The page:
6. Explained — What's Up With the WhatsApp 'Backdoor' Story? Feature or Bug! What is a backdoor? By definition: "Backdoor is a feature or defect of a computer system that allows surreptitious unauthorized access to data, " either the backdoor is in encryption algorithm, a server or in an implementation, and doesn't matter whether it has previously been used or not. Yesterday, we published a story based on findings reported by security researcher Tobias Boelter that suggests WhatsApp has a backdoor that "could allow" an attacker, and of course the company itself, to intercept your encrypted communication. The story involving the world's largest secure messaging platform that has over a billion users worldwide went viral in few hours, attracting reactions from security experts, WhatsApp team, and Open Whisper Systems, who partnered with Facebook to implement end-to-end encryption in WhatsApp. Note: I would request readers to read complete article before reaching out for a conclusion. And also, suggestions and opinions are always invited What's the Issue: The vulnerability relies on the way WhatsApp behaves when an end user's encryption key changes. WhatsApp, by default, trusts new encryption key broadcasted by a contact and uses it to re-encrypt undelivered messages and send them without informing the sender of the change. In my previous article, I have elaborated this vulnerability with an easy example, so you can head on to read that article for better understanding. Facebook itself admitted to this WhatsApp issue reported by Boelter, saying that "we were previously aware of the issue and might change it in the future, but for now it's not something we're actively working on changing." What Experts argued: According to some security experts — "It's not a backdoor, rather it’s a feature to avoid unnecessarily re-verification of encryption keys upon automatic regeneration." Open Whisper Systems says — "There is no WhatsApp backdoor," "it is how cryptography works," and the MITM attack "is endemic to public key cryptography, not just WhatsApp." A spokesperson from WhatsApp, acquired by Facebook in 2014 for $16 Billion, says — "The Guardian's story on an alleged backdoor in WhatsApp is false. WhatsApp does not give governments a backdoor into its systems. WhatsApp would fight any government request to create a backdoor." What's the fact: Notably, none of the security experts or the company has denied the fact that, if required, WhatsApp, on government request, or state-sponsored hackers can intercept your chats. What all they have to say is — WhatsApp is designed to be simple, and users should not lose access to messages sent to them when their encryption key is changed. Open Whisper Systems (OWS) criticized the Guardian reporting in a blog post saying, "Even though we are the creators of the encryption protocol supposedly "backdoored" by WhatsApp, we were not asked for comment." What? "...encryption protocol supposedly "backdoored" by WhatsApp…" NO! No one has said it's an "encryption backdoor;" instead this backdoor resides in the way how end-to-end encryption has been implemented by WhatsApp, which eventually allows interception of messages without breaking the encryption. As I mentioned in my previous story, this backdoor has nothing to do with the security of Signal encryption protocol created by Open Whisper Systems. It's one of the most secure encryption protocols if implemented correctly. Then Why Signal is more Secure than WhatsApp? You might be wondering why Signal private messenger is more secure than Whatsapp, while both use the same end-to-end encryption protocol, and even recommended by the same group of security experts who are arguing — "WhatsApp has no backdoor." It's because there is always room for improvement. The signal messaging app, by default, allows a sender to verify a new key before using it. Whereas, WhatsApp, by default, automatically trusts the new key of the recipient with no notification to the sender. And even if the sender has turned on the security notifications, the app notifies the sender of the change only after the message is delivered. So, here WhatsApp chose usability over security and privacy. It’s not about 'Do We Trust WhatsApp/Facebook?': WhatsApp says it does not give governments a "backdoor" into its systems. No doubt, the company would definitely fight the government if it receives any such court orders and currently, is doing its best to protect the privacy of its one-billion-plus users. But what about state-sponsored hackers? Because, technically, there is no such 'reserved' backdoor that only the company can access. Why 'Verifying Keys' Feature Can't Protect You? WhatsApp also offers a third security layer using which you can verify the keys of other users with whom you are communicating, either by scanning a QR code or by comparing a 60-digit number. But here’s the catch: This feature ensure that no one is intercepting your messages or calls at the time you are verifying the keys, but it does not ensure that no one, in the past had intercepted or in future will intercept your encrypted communication, and there is no way, currently, that would help you identify this. WhatsApp Prevention against such MITM Attacks are Incomplete WhatsApp is already offering a "security notifications" feature that notifies users whenever a contact's security code changes, which you need to turn on manually from app settings. But this feature is not enough to protect your communication without the use of another ultimate tool, which is — Common Sense. Have you received a notification indicating that your contact's security code has changed? Instead of offering 'Security by Design,' WhatsApp wants its users to use their common sense not to communicate with the contact whose security key has been changed recently, without verifying the key manually. The fact that WhatsApp automatically changes your security key so frequently (for some reasons) that one would start ignoring such notifications, making it practically impossible for users to actively looking each time for verifying the authenticity of session keys. What WhatsApp should do? Without panicking all one-billion-plus users, WhatsApp can, at least: Stop regenerating users' encryption keys so frequently (I clearly don't know why the company does so). Give an option in the settings for privacy-conscious people, which if turned on, would not automatically trust new encryption key and send messages until manually accepted or verified by users. ...because just like others, I also hate using two apps for communicating with my friends and work colleagues i.e. Signal for privacy and WhatsApp because everyone uses it. Source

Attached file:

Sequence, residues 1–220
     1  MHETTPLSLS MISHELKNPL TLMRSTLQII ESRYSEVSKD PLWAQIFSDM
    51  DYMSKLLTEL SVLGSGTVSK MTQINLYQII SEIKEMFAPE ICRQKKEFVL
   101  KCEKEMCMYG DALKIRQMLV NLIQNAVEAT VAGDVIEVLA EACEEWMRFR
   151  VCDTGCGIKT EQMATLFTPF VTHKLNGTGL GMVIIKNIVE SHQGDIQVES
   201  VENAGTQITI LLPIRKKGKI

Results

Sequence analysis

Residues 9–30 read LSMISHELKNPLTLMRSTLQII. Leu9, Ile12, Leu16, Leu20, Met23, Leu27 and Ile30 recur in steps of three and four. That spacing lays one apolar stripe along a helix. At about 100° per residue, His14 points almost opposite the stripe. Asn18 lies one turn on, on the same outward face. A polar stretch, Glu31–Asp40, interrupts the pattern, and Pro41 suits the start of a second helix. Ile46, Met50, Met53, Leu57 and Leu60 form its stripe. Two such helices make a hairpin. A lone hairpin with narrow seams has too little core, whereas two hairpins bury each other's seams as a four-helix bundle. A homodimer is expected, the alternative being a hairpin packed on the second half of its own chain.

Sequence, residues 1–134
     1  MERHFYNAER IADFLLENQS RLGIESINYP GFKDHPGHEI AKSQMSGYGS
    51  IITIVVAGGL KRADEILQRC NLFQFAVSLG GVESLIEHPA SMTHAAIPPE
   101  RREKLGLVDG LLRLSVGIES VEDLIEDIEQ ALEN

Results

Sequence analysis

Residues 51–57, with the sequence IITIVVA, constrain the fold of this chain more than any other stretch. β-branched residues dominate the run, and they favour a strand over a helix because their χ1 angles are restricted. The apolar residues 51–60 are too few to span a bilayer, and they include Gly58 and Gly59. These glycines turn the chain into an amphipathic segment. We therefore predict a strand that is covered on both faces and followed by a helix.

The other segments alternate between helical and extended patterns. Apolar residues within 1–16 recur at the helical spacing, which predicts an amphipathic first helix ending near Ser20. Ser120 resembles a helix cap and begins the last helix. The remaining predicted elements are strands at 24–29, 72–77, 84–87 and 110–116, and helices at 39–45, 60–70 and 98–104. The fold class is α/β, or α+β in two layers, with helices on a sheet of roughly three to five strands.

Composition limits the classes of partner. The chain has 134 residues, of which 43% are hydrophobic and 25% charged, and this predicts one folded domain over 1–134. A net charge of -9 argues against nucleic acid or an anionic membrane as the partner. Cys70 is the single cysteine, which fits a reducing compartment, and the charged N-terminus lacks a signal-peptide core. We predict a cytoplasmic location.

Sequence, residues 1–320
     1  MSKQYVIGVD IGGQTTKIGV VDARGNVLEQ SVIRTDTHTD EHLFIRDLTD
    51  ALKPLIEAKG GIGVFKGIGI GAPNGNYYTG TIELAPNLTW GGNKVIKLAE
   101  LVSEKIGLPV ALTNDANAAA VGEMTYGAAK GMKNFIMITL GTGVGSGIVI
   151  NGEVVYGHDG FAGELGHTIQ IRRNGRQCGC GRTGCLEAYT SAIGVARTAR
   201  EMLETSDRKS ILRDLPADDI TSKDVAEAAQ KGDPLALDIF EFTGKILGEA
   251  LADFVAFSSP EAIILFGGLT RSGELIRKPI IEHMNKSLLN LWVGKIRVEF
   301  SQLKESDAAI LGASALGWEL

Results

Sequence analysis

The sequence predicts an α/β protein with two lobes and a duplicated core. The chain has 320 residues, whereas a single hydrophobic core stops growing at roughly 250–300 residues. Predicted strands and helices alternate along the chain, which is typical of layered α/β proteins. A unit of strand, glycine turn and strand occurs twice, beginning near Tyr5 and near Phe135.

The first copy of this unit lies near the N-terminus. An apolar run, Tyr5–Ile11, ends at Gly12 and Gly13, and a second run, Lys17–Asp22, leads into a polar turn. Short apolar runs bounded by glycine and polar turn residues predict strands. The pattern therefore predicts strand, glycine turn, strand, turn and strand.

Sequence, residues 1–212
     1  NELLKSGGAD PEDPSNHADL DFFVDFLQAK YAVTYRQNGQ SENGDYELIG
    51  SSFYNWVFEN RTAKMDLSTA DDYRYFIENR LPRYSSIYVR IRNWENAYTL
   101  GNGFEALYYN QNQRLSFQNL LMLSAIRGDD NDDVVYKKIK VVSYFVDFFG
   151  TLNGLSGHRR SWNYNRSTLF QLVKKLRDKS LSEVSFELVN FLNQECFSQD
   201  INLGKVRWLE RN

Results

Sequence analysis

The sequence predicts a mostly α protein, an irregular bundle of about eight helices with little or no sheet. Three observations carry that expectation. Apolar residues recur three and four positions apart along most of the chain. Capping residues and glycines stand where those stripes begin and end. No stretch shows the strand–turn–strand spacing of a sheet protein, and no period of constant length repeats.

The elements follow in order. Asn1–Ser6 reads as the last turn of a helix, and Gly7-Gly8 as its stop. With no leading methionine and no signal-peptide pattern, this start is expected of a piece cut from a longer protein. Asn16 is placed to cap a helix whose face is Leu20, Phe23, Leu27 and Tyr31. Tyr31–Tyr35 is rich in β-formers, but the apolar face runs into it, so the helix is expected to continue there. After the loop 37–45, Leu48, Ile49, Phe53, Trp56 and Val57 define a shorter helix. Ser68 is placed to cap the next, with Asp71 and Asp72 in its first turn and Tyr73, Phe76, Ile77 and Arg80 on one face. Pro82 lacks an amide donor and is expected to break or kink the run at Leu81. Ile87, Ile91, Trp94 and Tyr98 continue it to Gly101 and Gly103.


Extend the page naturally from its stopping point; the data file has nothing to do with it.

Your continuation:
7. WhatsApp Security: Make This Change Right Now! Security researchers found a backdoor in the popular messaging application WhatsApp recently that could allow WhatsApp to intercept and read user messages. Facebook, the owner of WhatsApp, claims that it is impossible to intercept messages on WhatsApp thanks to the services end-to-end encryption. The company states that no one, not even itself, can read what is sent when both sender and recipient use the latest version of the application. It turns out however that there is a way for WhatsApp to read user messages, as security researcher Tobias Boelter (via The Guardian) found out. Update: In a statement sent to Ghacks, a WhatsApp spokesperson provided the following insight on the claim: WhatsApp has the power to generate new encryption keys for users who are not online. Both the sender and the recipient of messages are not made aware of that, and the sender would send any message not yet delivered again by using the new encryption key to protect the messages from third-party access. The recipient of the message is not made aware of that. The sender, only if Whatsapp is configured to display security notifications. This option is however not enabled by default. While WhatsApp users cannot block the company -- or any state actors requesting data -- from taking advantage of the loophole, they can at least activate security notifications in the application. The security researcher reported the vulnerability to Facebook in April 2016 according to The Guardian. Facebook's response was that it was "intended behavior" according to the newspaper. Activate security notifications in WhatsApp To enable security notifications in WhatsApp, do the following: Open WhatsApp on the device you are using. Tap on menu, and select Settings. Select Account on the Settings page. Select Security on the page that opens. Enable "show security notifications" on the Security page. You will receive notifications when a contact's security code has changed. While this won't prevent misuse of the backdoor, it will at least inform you about its potential use. Source Alternate Source - 1: WhatsApp Encryption Has Backdoor, Facebook Says It's "Expected Behaviour" Alternate Source - 2: WhatsApp Backdoor allows Hackers to Intercept and Read Your Encrypted Messages Alternate Source - 3: Oh, for F...acebook: Critics bash WhatsApp encryption 'backdoor' Alternate Source - 4: Your encrypted WhatsApp messages can be read by anyone Alternate Source - 5: How to protect yourself from the WhatsApp 'backdoor' Alternate Source - 6: 'Backdoor' in WhatsApp's end-to-end encryption leaves messages open to interception [Updated] Detailed Explanation of the Issue and Prevention/Alternatives: